I think Angels of Bastogne: A Remembrance of World War II by Glenn Ivers is a terrific and unusual World War II story. Its drama and characters are, in my view, riveting. Ivers weaves a complex structure with third person observation and commentary, a history lesson, and a first person set of interactions and dialogue. The result is a completely engaging experience that teaches, provides human context, and puts the reader in the middle of the narrative.
- Owen Shapiro, Professor Emeritus in Film, College of Visual and Performing Arts Syracuse University;
Co-founder and Artistic Director, Syracuse International Film Festival;
Co-founder and Emeritus President, International Filmmaking Academy, Bologna, Italy.
I normally don’t spend any time with historical fiction. Then, I read the first few pages of Angels of Bastogne and didn’t stop until 100 pages! The writing about life going on amid the horror of war is intriguing. The psychology of maintaining sanity amid insane events reminds me of the plot of M.A.S.H. People use humor to soften the pain and develop relationships to maintain a humane existence while embedded in inhumane acts.
- Norman K. Dann, Historian;
Author of Practical Dreamer: Gerrit Smith and the Crusade for Social Reform.
Angels of Bastogne is an imaginative retelling of real events, based on the memoir of a young Army doctor during the 1944 Battle of the Bulge. Glenn Ivers creates memorable characters among the medical personnel, Belgian civilians, and American servicemen who were thrown together over a period of days and weeks critical to the outcome of the war. The plot is tightly focused although the time frame shifts between the World War II era and the return to Europe of aging veterans for reunions in the 1990s. Unlike many novels of World War II, Angels of Bastogne incorporates the experiences and perspectives of women as true participants rather than victims or bystanders.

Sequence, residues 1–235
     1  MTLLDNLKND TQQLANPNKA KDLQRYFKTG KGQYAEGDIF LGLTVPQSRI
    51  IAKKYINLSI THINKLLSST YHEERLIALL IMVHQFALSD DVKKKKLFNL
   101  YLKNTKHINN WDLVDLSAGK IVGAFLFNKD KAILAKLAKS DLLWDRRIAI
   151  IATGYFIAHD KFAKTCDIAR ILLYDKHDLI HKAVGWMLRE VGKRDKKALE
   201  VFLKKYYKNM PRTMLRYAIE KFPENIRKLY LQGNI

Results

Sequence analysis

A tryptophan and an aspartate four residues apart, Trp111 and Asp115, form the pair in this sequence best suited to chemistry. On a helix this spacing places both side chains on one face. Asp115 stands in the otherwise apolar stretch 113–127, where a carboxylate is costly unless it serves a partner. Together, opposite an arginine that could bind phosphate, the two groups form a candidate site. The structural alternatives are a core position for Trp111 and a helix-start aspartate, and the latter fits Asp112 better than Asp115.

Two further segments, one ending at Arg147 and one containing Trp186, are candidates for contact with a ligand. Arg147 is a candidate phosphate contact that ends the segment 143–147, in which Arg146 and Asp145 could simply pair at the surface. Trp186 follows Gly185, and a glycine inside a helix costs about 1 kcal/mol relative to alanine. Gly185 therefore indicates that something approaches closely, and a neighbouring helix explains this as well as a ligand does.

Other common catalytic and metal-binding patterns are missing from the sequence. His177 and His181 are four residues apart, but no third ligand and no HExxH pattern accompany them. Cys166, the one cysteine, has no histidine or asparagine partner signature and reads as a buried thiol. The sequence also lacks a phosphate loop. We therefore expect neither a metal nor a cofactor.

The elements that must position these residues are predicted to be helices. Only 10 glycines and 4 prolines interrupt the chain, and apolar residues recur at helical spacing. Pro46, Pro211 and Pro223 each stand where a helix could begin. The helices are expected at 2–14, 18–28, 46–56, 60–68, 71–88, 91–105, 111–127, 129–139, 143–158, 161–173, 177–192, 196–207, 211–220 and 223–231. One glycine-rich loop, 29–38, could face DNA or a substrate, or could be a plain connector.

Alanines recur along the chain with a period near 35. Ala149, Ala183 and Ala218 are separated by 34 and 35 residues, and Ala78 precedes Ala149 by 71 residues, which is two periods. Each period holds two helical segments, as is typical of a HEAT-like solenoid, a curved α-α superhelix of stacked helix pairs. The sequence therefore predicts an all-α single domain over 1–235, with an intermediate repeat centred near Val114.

- Mary Moran, Professor of Anthropology and Africana, and Latin American Studies, Colgate University, Hamilton, NY.
Angels of Bastogne is a love story set in Bastogne, Belgium, during World War II. Like many wartime love stories it is shaped, in part, through the crucible of survival. Its key protagonists are American physician Jack Prior and two Belgian nurses, Renee Lemaire and Augusta Chiwy. This true story is one tributary of the enormous flow of events known as the Battle of the Bulge that have been captured in history books and the Band of Brothers television mini-series. Mr. Ivers weaves an up-close and personal story as remembered by Doctor Jack Prior from day-by-day accounts of the events surrounding the attacks on Bastogne, as well as latter times during a 50th anniversary trip that provides a denouement to the 1944 story lines he shared. The ultimate test of a story for me, is: “Do I care about the people in these stories as told to me by the author?” The answer is an unequivocal “yes.”
- Paul Sully, Peace Corps/Jamaica country director, retired;
Peace Corps Volunteer, Liberia;
Volunteer, Red Cross Disaster Relief Services.
Angels of Bastogne is an exceptionally comprehensive telling of the conditions faced by a team of medical personnel in WWII. Although it deals with one battlefront over the course of only several days, it is an emotionally riveting account. The juxta-positioning of the timing in the story, wartime in the 1940s and fifty years after the battle at a reunion of the combatants, makes one realize that wartime experiences don’t end with an armistice. The raw passions of the soldiers of all ranks permeates their relationships among themselves and with the citizens of the beleaguered towns and villages where the battles take place. Given the current state of affairs in Europe in 2022, this book is a truthful rejoinder of how history is repeated, despite the pain and sorrow it triggers. It left me both crying and shuddering.
- Phil Fretz, (Sierra Leone 1967–69)
Author of Softball, Snakes, Sausage Flies and Rice: Peace Corps Experience in 1960’s Sierra Leone